Citizen Browser data shows, for instance, that from July through September of this year, articles from far-right news site Newsmax appeared in the feed of a 58-year-old woman in New Mexico 1,065 times—but under Facebook’s calculation of reach, this would count as one single unit. Similarly, a 37-year-old man in New Hampshire was shown 245 unique links to satirical posts from The Onion, which appeared in his feed more than 500 times—but again, he would have been counted just once by Facebook’s method.

When The Markup instead counted each appearance of a domain on a user’s feed during Q3—e.g., Newsmax as 1,065 instead of 1—we found that polarizing, partisan content jumped in the performance rankings. Indeed, the same trend is true of the domains in Facebook’s Q2 report, for which analysis can be found in our data repository on GitHub.

We found that outlets like The Daily Wire, BuzzFeed’s viral content arm, Fox News, and Yahoo News jumped in the popularity rankings when we used the impressions metric. Most striking, The Western Journal—which, similarly to The Daily Wire, does little original reporting and instead repackages stories to fit with right-wing narratives—improved its ranking by almost 200 places.

“To me these findings raise a number of questions,” said Jane Lytvynenko, senior research fellow at the Harvard Kennedy School Shorenstein Center.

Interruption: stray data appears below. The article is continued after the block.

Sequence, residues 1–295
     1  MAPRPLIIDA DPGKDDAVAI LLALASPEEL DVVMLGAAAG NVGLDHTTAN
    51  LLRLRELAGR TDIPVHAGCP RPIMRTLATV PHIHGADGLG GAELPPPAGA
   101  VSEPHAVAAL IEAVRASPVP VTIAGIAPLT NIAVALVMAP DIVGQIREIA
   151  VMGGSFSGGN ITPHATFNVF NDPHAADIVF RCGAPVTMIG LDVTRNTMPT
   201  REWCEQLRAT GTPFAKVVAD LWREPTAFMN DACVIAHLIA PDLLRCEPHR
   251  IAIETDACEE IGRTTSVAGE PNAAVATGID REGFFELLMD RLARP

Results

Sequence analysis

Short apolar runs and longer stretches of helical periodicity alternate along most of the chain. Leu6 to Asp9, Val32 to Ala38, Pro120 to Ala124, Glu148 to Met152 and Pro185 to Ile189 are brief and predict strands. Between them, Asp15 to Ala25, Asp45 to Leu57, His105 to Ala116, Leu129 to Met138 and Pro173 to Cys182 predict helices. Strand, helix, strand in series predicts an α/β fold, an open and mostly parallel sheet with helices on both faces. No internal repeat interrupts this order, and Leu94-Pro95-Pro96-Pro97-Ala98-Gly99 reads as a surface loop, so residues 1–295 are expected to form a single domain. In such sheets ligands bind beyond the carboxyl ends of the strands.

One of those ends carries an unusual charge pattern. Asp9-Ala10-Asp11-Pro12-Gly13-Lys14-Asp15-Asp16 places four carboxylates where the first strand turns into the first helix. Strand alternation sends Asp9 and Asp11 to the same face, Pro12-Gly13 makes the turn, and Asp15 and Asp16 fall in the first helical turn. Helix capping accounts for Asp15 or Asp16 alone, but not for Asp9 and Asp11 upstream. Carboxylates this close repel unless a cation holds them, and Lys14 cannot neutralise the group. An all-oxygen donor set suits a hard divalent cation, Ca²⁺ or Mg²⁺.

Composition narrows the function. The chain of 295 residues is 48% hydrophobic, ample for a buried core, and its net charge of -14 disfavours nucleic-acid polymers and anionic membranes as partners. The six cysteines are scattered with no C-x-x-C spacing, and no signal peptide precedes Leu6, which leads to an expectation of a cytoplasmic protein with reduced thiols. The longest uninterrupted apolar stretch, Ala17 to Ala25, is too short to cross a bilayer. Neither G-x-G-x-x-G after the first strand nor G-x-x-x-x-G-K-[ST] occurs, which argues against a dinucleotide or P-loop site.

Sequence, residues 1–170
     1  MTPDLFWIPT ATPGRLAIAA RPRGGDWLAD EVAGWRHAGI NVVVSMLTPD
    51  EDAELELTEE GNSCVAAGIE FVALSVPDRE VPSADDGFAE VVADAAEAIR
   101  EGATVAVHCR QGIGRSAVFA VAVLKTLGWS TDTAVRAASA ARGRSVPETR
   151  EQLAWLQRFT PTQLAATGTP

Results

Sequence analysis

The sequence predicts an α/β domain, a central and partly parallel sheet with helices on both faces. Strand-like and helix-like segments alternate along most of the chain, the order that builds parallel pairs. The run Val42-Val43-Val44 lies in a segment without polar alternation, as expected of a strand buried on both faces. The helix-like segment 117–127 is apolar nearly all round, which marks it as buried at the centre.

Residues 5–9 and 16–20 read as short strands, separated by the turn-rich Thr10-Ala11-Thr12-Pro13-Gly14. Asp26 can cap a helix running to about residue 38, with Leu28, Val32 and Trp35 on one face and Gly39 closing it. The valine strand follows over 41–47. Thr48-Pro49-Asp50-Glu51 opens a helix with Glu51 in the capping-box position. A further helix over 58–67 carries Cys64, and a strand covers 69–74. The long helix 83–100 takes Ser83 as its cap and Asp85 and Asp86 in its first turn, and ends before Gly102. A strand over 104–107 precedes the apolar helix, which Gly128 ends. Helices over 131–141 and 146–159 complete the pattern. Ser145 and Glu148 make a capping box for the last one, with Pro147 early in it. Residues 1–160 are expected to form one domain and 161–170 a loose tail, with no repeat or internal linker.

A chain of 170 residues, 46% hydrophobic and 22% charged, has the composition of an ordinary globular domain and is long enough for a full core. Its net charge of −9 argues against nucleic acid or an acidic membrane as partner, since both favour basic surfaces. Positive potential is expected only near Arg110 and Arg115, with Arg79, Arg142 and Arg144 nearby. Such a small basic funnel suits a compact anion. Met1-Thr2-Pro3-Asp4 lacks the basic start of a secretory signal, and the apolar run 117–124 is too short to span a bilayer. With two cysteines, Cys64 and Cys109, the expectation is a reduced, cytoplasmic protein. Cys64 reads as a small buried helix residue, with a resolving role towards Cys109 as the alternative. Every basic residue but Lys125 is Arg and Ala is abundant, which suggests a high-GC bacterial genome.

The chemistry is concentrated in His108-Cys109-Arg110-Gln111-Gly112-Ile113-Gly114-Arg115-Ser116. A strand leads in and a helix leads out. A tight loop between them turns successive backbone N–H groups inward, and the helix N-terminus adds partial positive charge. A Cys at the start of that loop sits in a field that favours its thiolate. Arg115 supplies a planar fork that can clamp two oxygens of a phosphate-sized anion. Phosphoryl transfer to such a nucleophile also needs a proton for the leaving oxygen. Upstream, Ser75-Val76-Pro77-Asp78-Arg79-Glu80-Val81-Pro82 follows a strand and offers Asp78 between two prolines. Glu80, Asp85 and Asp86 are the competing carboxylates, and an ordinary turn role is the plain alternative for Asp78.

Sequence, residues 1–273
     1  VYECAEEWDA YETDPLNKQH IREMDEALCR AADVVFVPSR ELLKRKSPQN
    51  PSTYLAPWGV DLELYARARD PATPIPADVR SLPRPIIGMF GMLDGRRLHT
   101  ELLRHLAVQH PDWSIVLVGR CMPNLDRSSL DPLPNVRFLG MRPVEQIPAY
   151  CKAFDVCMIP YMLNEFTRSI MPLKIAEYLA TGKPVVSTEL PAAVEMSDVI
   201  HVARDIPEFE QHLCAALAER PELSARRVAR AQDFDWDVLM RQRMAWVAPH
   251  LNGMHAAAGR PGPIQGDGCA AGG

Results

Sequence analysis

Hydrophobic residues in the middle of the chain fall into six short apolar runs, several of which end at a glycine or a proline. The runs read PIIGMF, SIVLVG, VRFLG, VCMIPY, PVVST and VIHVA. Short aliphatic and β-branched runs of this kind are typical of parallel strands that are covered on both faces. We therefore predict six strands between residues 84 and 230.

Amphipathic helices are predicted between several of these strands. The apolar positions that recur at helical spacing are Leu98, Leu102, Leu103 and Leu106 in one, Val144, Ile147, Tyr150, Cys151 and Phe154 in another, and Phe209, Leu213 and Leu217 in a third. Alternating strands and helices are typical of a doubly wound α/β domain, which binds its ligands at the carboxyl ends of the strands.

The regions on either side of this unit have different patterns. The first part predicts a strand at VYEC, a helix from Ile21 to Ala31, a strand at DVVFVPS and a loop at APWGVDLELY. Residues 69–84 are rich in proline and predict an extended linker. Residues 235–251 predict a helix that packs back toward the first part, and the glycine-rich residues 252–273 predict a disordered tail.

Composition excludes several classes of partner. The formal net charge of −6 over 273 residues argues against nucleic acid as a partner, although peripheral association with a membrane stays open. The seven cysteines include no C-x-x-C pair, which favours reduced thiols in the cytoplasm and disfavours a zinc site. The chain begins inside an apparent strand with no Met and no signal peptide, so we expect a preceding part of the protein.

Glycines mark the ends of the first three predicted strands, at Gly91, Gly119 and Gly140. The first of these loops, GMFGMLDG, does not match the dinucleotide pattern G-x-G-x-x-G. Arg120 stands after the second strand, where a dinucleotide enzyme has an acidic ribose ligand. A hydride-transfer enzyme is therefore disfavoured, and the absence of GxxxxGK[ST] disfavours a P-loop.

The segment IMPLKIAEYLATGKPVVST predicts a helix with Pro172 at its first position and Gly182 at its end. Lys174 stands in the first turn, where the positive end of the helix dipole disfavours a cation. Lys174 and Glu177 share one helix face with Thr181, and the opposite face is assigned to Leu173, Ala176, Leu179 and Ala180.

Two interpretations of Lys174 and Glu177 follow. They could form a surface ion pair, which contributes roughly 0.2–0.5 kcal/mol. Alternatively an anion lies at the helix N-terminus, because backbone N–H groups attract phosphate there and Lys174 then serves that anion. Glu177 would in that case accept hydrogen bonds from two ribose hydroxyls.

“Was Facebook’s research genuine, or was it part of an attempt to change the narrative around top 10 lists that were previously put out? It matters a lot whether a person sees a link one time or if they see it 20 times, and to not account for that in a report, to me, is misleading,” Lytvynenko said.

Using a narrow range of data to gauge popularity is suspect, said Alixandra Barasch, associate professor of marketing at NYU’s Stern School of Business.

“It just goes against everything we teach and know about advertising to focus on one [metric] rather than the other,” she said. 

In fact, when it comes to the core business model of selling space to advertisers, Facebook encourages them to consider yet another metric, “frequency”—how many times to show a post to each user on average—when trying to optimize brand messaging.

Data from Citizen Browser shows that domains seen with high frequency in the Facebook news feed are mostly news domains, since news websites tend to publish multiple articles over the course of a day or week. But Facebook’s own content report does not take this data into account.

“[This] clarifies the point that what we need is independent access for researchers to check the math,” said Justin Hendrix, co-author of a report on social media and polarization and editor at Tech Policy Press, after reviewing The Markup’s data.

Originally published on themarkup.org

This article was originally published on The Markup By: Corin Faife and was republished under the Creative Commons Attribution-NonCommercial-NoDerivatives license.